Texas case challenges Voting Rights Act in Supreme Court

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The Supreme Court will hear a challenge today that goes to the heart of the Voting Rights Act. This landmark piece of legislation was enacted in 1965 to prevent racial discrimination at the polls. The section of the law at the center of the case requires some states, primarily those in the South, to get federal approval before they can change any of their voting procedures. The changes that require approval from the Justice Department can be as big as a redistricting plan or as small as moving a polling place to a new location. A Texas community got approval for a move, but still decided to take their case to the Supreme Court.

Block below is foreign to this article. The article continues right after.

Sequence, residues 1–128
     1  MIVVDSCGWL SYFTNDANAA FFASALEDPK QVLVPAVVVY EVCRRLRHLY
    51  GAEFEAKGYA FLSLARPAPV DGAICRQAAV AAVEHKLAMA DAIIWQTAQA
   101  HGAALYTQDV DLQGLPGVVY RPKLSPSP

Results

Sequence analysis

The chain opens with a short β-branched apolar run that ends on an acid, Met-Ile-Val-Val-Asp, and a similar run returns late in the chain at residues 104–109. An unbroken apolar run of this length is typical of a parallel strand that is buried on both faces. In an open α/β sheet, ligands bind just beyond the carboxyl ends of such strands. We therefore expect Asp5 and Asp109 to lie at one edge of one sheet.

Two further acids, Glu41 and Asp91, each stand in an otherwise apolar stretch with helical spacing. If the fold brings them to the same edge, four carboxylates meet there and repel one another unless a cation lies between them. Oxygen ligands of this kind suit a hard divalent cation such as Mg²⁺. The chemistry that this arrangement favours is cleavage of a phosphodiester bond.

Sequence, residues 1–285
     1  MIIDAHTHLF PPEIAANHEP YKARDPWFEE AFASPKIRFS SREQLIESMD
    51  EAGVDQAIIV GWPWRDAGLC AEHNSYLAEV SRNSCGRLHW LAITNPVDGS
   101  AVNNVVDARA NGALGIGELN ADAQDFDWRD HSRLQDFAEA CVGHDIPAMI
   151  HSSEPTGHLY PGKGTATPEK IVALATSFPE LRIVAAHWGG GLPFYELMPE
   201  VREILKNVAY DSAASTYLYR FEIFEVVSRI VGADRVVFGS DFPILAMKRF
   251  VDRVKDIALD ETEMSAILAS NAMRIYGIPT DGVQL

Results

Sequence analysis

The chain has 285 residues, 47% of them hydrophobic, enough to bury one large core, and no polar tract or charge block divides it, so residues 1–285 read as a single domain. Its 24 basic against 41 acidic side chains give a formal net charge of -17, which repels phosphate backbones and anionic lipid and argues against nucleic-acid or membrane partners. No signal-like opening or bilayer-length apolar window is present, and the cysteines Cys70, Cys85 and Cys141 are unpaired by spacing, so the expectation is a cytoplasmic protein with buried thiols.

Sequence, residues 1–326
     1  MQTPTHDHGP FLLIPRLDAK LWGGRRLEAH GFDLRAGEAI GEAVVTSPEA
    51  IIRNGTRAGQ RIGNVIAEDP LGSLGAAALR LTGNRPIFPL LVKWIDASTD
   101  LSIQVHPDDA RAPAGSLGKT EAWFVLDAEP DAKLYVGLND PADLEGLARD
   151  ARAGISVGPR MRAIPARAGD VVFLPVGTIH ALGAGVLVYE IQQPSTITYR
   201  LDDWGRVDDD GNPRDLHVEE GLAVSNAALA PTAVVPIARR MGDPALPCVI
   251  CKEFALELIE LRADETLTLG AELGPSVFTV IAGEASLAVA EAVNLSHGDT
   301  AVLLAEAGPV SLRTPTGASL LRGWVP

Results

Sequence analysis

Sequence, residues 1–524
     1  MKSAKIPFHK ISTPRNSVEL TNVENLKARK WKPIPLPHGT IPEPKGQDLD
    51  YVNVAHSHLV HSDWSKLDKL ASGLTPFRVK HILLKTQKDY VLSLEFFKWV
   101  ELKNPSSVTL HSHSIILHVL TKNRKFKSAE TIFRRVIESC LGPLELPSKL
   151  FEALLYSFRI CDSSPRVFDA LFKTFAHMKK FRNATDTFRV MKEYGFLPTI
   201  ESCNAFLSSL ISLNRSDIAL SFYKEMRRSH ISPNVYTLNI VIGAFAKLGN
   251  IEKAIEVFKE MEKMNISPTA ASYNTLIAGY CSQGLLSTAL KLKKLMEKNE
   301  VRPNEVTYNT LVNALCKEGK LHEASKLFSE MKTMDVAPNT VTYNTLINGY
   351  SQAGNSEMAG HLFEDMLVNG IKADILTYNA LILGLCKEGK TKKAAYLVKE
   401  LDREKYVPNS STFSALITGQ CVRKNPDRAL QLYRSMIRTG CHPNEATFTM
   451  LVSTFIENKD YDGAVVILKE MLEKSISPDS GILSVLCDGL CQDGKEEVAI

When the U.S. Supreme Court hears the case today, it will be deciding the fate of a hard-fought piece of civil rights legislation. But now that we have an African American president, some say we no longer need the protections afforded by this act. Is the need to protect minorities at the polls outdated? The Takeaway talks to Ted Shaw. He’s a professor at Columbia University Law School and Of Counsel to the law firm of Fulbright and Jaworksi.